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The Seed of Isaac


Torah Portion: Parashat Toldot (“Generations”)

Shabbat: Nov. 26, 2022 / Kislev 2, 5783

Torah: Gen. 25:19-28:9

Prophets: Mal. 1:1-2:7

New Covenant: Rom. 9:1-31


The Our Father

“In this manner, therefore, pray:

Our Father in heaven,

Hallowed be Your name.

Your kingdom come.

Your will be done

On earth as it is in heaven.

Give us this day our daily bread.

And forgive us our debts,

As we forgive our debtors.

And do not lead us into temptation,

But deliver us from the evil one.

For Yours is the kingdom and the power and the glory forever. Amen.

For if you forgive men their trespasses, your heavenly Father will also forgive you”.

Matthew 6:9-14


In parashat Toldot we gain further insight into the coming spiritual showdown between the LORD and the serpent (nachash). Recall that the original promise of the coming Messiah was given within the context of the curse and judgment upon Satan: "I will put enmity (אֵיבָה) between you and the woman, and between your seed and her seed; he (i.e., the Savior/Messiah) will crush your head (ראשׁ), and you (i.e., the serpent/Satan) will crush his heel (עָקֵב)" (Gen. 3:15). The very first prophecy of Torah therefore describes the coming of the "Serpent Slayer" and the great conflict of the ages. Since the Messiah would be "born of a woman," the prophecy implies perpetual warfare between those descendants of Eve who shared her faith and underwent teshuvah (called the "children of light" or "children of the promise") and those descendants of Eve who refused it (called the "children of darkness" or "children of the devil"). The ongoing enmity between these "two seeds" foretells the "tale of two kingdoms," the Kingdom of God and the kingdom of the devil (John 8:34-36).

After Abraham was tested with the Akedah, he was promised to be the heir of the world to come (Rom. 4:13). Genesis 22:18 clearly states that the blessing would come through Abraham's "seed" (זֶרַע), and indeed Abraham later bequeathed everything to his son Isaac (Gen. 25:5). Isaac and Rebekah had been married for twenty years but were still without an heir to carry on the family line. Finally their prayers were answered and Rebekah conceived, though her pregnancy was not without complications: "The children struggled together within her (וַיִּתְרצֲצוּ הַבָּנִים בְּקִרְבָּהּ), and she said, 'If it is thus, why is this happening to me?' So she went to inquire of the LORD" (Gen. 25:22). The LORD then told Rebekah (through the prophet Shem) that she was carrying twin sons who would father two great nations of opposite ideology and origins, though the younger child would be chosen as the heir of the godly line leading to the Messiah. The struggle within Rebekah's womb therefore recalled the original prophecy of God made in the Garden of Eden and the future conflict between the two "seeds." Note that the word translated "struggled" in this verse is ratzatz (רָצַץ), a verb used elsewhere to express violent conflict (e.g., to oppress (Deut. 28:33; 1 Sam. 12:3; Jer. 22:17), to crush (2 Kings 23:13), to break (Isa. 36:6), etc.).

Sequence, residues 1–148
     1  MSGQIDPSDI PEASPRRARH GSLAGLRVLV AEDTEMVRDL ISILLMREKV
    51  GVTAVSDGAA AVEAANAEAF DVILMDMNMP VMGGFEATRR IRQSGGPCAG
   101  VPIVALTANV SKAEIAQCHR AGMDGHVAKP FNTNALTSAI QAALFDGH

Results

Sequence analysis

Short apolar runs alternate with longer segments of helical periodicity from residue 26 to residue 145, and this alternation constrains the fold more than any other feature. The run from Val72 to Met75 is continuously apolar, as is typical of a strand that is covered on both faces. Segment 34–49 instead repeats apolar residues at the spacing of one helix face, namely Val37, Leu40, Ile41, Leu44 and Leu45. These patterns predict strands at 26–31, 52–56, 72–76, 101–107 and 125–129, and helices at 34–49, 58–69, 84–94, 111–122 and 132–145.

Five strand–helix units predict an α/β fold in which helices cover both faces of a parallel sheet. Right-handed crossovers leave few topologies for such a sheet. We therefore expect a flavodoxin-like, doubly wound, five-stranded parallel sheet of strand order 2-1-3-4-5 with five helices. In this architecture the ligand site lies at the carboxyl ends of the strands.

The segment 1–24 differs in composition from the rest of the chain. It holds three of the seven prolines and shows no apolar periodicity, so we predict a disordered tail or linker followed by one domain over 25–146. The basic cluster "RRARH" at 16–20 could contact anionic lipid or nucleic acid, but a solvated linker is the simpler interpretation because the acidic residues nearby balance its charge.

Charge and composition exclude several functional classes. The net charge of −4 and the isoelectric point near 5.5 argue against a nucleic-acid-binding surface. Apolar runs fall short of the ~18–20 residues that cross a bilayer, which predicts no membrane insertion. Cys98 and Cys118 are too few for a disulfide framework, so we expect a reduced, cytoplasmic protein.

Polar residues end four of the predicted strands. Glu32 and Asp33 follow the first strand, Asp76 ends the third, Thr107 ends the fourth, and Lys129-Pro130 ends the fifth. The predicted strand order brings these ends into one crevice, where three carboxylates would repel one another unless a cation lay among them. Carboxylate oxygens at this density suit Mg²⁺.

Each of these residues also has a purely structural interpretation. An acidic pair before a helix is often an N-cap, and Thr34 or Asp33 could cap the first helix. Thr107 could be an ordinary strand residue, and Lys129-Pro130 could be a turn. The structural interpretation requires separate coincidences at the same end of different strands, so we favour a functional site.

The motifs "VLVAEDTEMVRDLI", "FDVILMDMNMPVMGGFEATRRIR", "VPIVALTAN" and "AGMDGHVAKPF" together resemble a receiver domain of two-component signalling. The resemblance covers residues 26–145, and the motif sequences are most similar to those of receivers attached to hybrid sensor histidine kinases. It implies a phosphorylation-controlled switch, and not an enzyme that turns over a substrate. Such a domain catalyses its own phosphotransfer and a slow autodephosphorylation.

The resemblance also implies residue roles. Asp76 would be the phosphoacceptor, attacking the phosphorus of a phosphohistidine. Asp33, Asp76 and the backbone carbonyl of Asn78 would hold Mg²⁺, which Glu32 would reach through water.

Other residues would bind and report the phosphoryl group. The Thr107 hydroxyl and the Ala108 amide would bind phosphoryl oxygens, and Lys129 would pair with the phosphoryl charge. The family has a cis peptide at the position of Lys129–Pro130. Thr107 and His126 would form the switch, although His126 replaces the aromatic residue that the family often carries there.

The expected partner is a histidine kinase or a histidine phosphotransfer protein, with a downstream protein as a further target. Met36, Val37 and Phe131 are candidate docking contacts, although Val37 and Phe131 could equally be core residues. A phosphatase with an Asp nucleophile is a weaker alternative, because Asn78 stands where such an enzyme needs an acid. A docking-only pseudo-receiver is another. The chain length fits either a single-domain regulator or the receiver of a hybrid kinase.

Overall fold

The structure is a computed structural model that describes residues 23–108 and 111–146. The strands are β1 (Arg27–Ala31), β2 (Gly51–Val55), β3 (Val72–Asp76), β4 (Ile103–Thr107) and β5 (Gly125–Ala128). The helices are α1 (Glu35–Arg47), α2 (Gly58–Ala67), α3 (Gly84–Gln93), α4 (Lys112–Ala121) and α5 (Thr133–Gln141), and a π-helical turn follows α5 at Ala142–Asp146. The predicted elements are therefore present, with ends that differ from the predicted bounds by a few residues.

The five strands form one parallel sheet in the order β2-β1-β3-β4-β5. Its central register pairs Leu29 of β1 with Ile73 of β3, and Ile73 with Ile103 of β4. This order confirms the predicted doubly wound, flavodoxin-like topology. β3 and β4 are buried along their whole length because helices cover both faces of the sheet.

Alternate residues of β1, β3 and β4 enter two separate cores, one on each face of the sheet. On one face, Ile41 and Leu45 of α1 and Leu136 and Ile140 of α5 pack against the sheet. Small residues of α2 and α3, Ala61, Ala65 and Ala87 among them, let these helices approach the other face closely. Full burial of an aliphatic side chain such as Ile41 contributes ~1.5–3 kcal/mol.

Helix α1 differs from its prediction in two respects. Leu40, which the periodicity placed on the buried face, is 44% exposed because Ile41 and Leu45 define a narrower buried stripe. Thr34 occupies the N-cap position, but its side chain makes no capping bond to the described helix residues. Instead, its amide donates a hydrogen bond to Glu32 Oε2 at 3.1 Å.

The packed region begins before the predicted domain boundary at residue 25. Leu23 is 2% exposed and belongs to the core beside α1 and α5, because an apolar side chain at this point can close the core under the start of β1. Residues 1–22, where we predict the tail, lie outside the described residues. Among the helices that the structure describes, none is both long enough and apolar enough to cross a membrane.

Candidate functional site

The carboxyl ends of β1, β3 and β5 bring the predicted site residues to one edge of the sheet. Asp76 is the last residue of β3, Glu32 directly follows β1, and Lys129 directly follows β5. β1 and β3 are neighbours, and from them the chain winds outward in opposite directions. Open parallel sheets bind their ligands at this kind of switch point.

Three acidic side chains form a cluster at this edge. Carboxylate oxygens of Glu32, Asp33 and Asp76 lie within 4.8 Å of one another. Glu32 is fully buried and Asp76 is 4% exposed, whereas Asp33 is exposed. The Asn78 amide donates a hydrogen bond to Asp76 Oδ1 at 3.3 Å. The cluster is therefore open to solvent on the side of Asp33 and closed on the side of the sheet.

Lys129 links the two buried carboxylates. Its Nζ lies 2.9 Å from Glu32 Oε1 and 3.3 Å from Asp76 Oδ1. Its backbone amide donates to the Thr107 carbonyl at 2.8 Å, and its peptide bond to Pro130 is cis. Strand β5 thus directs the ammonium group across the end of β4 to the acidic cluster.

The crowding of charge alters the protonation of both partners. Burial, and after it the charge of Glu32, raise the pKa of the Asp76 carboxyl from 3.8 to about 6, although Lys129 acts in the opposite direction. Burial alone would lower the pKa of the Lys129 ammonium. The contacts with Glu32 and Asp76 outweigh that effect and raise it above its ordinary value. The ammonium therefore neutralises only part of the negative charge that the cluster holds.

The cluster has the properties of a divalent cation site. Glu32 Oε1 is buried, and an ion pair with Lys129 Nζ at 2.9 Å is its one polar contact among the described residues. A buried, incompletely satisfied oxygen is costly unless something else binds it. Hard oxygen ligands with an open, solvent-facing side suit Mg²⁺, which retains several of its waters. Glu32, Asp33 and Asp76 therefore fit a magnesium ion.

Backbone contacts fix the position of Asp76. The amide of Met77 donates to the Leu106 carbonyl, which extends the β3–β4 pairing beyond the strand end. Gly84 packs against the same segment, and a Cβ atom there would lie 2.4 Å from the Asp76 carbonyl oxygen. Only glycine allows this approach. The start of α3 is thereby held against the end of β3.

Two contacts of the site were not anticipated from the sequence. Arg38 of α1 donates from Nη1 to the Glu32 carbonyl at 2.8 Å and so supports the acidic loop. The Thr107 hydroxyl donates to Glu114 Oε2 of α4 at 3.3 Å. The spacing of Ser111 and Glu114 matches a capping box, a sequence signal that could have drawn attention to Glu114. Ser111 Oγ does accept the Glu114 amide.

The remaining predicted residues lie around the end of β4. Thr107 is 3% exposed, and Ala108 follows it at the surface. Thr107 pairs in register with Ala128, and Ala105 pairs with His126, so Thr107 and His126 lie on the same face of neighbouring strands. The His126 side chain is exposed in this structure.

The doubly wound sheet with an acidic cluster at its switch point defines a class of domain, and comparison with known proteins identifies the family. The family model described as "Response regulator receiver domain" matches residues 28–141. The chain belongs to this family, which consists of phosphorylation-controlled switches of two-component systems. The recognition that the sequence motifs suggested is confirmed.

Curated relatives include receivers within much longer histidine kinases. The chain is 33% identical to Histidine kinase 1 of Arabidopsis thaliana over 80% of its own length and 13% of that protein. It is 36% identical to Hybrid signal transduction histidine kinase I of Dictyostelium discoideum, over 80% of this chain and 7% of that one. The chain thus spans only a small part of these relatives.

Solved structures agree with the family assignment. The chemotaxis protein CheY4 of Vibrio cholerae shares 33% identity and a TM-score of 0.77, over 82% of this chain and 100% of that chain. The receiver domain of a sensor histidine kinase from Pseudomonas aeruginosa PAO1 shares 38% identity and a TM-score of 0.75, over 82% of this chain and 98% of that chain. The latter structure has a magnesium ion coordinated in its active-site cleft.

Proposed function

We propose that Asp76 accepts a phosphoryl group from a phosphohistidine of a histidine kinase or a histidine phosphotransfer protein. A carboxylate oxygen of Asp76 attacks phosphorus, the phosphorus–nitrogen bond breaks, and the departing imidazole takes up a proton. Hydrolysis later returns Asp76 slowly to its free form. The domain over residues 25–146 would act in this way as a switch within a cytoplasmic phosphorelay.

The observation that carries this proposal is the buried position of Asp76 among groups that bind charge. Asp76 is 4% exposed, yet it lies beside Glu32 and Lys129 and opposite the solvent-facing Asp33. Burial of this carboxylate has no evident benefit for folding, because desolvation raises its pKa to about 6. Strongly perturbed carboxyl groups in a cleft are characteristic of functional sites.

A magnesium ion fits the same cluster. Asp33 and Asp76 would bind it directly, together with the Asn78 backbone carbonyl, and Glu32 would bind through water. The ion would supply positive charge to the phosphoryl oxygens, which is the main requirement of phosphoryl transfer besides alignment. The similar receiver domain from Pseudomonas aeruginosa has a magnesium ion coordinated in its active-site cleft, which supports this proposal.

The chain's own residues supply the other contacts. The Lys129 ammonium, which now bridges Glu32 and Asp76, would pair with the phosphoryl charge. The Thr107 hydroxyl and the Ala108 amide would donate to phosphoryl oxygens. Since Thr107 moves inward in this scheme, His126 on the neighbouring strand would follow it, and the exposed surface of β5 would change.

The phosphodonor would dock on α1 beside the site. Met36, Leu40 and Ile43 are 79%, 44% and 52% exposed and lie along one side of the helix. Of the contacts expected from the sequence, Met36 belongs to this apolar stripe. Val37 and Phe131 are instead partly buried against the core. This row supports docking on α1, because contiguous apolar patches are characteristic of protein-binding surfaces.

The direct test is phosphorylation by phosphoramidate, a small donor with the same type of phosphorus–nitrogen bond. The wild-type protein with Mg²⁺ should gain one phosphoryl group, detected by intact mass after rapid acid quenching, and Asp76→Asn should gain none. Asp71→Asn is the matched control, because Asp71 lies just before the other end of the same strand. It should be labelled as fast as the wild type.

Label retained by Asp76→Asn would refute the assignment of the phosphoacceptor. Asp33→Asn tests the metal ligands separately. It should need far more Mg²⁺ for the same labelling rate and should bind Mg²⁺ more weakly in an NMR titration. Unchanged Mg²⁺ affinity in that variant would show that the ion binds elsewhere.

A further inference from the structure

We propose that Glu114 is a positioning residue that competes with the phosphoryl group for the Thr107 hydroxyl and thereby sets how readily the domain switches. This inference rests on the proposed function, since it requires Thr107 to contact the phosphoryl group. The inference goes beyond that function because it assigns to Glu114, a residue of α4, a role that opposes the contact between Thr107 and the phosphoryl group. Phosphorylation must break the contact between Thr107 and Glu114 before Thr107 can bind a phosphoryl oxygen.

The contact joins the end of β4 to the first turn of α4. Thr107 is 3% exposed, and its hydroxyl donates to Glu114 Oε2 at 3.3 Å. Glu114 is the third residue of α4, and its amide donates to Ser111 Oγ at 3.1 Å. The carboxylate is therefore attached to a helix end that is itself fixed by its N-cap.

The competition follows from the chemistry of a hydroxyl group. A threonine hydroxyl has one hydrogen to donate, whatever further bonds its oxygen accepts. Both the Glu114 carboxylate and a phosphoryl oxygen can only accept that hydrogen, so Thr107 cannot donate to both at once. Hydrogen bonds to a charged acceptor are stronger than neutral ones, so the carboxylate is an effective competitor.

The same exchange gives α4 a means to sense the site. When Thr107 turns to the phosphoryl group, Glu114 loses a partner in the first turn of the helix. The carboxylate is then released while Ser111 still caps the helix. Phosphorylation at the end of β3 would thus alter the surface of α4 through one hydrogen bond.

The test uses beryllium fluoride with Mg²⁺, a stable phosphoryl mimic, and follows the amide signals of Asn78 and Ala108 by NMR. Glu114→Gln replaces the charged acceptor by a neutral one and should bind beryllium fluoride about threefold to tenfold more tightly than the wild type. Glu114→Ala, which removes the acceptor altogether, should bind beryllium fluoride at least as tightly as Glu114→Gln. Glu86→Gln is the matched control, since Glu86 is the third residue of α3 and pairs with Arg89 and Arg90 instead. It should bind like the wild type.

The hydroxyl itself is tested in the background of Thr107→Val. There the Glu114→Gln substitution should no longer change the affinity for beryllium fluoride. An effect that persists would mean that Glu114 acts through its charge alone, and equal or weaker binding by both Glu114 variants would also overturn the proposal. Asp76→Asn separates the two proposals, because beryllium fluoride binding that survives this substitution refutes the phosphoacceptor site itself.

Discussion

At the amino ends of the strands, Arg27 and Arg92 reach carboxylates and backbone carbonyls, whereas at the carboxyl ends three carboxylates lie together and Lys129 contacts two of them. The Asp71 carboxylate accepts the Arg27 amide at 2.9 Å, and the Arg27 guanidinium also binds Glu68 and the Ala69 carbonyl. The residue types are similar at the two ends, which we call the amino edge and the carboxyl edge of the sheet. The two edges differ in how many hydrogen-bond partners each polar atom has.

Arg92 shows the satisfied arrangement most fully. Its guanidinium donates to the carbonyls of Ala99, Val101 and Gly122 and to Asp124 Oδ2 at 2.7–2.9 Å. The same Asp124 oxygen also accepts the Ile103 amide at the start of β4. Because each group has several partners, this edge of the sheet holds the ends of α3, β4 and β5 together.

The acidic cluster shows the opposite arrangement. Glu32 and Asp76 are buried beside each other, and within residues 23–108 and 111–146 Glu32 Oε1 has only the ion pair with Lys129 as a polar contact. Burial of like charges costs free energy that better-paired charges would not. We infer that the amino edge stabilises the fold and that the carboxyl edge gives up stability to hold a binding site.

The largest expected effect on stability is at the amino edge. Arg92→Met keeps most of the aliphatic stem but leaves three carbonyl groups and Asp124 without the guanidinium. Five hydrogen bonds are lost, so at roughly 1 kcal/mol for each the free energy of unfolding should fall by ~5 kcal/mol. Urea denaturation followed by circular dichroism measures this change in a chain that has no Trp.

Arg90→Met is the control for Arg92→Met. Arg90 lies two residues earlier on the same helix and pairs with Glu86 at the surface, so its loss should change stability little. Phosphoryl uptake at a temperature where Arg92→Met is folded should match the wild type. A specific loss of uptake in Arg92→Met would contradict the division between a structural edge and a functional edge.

Rashi quotes a fanciful midrash that says that when Rebekah would pass by the doorway of a House of Learning, Jacob fought to be born and enter it, but when she passed a temple devoted to idol worship, Esau fought to get out. The battle between the sons, in other words, would fundamentally represent the ongoing enmity between the children of light and the children of darkness (as would be revealed in later narrative of the Torah).